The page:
January Instagram Challenge and What I Learned

In January, I secretly did a photo challenge on Instagram. The challenge came from a calendar with an assigned theme for each day of the month. I missed one day.

Here is what I learned:

  • With a theme, it's not super hard to pick or find a photo. It takes about 10 minutes to search, prep, and post a photo.
  • Captions matter. I think longer captions interpret what we're after and encourage engagement.
  • People prefer pictures with faces in them. Those always get more likes.
  • It's not a big deal if few people like a post. Often times, there were only 5 likes. Is the whole goal to get as many reactions as possible? Or to document my life and bless those who follow? If the goal is to chase likes, then I'm tempted only post the best moments and to exaggerate my life so that others like it or react to it. But that is neither true or kind. Others should know that my life is largely boring just like theirs. I hate it when people whose marriages are on the rocks post pictures about how perfect their family is, so I should not contribute to that by misrepresenting my life.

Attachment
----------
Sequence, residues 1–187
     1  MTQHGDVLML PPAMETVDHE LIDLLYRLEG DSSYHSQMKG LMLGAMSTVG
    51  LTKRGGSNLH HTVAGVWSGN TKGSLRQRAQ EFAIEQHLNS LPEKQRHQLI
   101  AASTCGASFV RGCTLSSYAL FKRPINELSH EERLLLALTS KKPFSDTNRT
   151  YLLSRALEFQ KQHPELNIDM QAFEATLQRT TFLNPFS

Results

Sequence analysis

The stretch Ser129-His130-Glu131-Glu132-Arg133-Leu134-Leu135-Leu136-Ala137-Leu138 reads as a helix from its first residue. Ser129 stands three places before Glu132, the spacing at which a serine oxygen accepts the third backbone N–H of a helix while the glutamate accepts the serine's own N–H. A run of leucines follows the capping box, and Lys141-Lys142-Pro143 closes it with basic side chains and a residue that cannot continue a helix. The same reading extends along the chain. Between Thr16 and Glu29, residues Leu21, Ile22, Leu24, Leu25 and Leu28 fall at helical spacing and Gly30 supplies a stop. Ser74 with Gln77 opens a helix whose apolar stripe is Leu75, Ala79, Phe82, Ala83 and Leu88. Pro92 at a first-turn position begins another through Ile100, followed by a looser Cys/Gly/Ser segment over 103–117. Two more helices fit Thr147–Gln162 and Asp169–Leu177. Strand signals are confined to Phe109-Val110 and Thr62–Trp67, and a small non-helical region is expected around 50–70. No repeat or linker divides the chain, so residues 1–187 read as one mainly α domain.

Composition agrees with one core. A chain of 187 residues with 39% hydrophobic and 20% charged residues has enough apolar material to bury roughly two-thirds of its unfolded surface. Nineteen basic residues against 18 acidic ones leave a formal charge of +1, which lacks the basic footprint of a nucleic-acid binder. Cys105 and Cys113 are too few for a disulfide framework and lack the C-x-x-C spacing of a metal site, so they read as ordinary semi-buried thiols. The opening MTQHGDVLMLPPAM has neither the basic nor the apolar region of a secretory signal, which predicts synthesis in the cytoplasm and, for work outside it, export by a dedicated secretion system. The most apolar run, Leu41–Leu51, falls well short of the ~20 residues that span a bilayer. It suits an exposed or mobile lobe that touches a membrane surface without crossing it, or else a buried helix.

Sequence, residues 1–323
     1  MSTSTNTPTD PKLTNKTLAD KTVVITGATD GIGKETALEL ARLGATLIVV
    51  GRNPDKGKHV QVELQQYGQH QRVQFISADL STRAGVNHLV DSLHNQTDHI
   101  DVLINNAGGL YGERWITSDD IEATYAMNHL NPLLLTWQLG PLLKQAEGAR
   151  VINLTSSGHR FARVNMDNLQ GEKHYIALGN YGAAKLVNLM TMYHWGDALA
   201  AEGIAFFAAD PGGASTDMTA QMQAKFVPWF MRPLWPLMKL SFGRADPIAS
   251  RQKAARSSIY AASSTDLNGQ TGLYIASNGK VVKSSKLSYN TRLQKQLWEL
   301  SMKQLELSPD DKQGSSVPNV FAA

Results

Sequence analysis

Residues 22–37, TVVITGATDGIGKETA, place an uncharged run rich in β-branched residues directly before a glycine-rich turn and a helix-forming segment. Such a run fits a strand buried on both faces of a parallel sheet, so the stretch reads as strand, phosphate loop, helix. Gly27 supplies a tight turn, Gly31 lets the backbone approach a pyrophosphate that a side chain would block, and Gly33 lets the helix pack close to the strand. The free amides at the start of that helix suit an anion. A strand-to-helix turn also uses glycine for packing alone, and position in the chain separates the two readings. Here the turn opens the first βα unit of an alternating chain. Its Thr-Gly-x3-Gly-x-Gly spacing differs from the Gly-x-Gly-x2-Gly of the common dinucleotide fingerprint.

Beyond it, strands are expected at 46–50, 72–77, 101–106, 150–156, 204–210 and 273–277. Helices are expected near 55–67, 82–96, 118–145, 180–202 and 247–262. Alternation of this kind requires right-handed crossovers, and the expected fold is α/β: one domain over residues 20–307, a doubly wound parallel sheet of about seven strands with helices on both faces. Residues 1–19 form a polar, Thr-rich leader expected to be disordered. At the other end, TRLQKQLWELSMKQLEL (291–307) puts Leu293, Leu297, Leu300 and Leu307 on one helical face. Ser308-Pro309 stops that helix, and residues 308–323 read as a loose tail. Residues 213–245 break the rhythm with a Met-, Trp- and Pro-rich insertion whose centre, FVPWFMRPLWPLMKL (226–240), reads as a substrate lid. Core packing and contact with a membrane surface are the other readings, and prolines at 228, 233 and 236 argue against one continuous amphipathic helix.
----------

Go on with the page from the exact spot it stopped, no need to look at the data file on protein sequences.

• This kind of challenge puts the social back in social media. Instead of sharing other people's posts, it shares what is happening in my life.
  • Our personal social media feeds can be experiments on how to do social media for business and organizations too. This was an experiment in my own feed, and it helps me think about how to do social media for our church or any other project I'm working on.
  • I prefer using the Instagram and Facebook feeds than to use stories because they last longer. I know the trend is to post stories, but I think that the feed is better because people can return to that and get caught up. If I'm going to spend 1-10 minutes prepping, then I want it to count and last longer than 24 hours. But because I learned how to use stories, those principles and methods can be used in regular feed posts to make them more interesting.


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